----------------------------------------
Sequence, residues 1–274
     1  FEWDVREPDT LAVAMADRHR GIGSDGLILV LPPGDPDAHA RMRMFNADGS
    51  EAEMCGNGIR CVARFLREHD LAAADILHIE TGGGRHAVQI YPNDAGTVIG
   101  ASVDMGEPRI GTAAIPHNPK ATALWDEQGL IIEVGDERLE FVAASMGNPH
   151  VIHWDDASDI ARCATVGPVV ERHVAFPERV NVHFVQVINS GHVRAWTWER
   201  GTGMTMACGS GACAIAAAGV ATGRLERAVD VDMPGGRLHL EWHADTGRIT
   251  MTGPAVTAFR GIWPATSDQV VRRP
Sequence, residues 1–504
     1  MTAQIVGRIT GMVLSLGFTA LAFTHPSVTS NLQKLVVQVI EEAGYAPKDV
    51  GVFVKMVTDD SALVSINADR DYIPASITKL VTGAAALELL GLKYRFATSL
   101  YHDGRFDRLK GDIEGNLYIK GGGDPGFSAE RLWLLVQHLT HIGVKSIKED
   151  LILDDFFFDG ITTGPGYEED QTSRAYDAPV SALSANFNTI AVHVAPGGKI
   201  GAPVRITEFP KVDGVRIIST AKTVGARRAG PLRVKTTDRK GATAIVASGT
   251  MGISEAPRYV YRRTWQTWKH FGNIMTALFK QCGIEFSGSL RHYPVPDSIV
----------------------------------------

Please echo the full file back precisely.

Sequence, residues 1–274
     1  FEWDVREPDT LAVAMADRHR GIGSDGLILV LPPGDPDAHA RMRMFNADGS
    51  EAEMCGNGIR CVARFLREHD LAAADILHIE TGGGRHAVQI YPNDAGTVIG
   101  ASVDMGEPRI GTAAIPHNPK ATALWDEQGL IIEVGDERLE FVAASMGNPH
   151  VIHWDDASDI ARCATVGPVV ERHVAFPERV NVHFVQVINS GHVRAWTWER
   201  GTGMTMACGS GACAIAAAGV ATGRLERAVD VDMPGGRLHL EWHADTGRIT
   251  MTGPAVTAFR GIWPATSDQV VRRP
Sequence, residues 1–504
     1  MTAQIVGRIT GMVLSLGFTA LAFTHPSVTS NLQKLVVQVI EEAGYAPKDV
    51  GVFVKMVTDD SALVSINADR DYIPASITKL VTGAAALELL GLKYRFATSL
   101  YHDGRFDRLK GDIEGNLYIK GGGDPGFSAE RLWLLVQHLT HIGVKSIKED
   151  LILDDFFFDG ITTGPGYEED QTSRAYDAPV SALSANFNTI AVHVAPGGKI
   201  GAPVRITEFP KVDGVRIIST AKTVGARRAG PLRVKTTDRK GATAIVASGT
   251  MGISEAPRYV YRRTWQTWKH FGNIMTALFK QCGIEFSGSL RHYPVPDSIV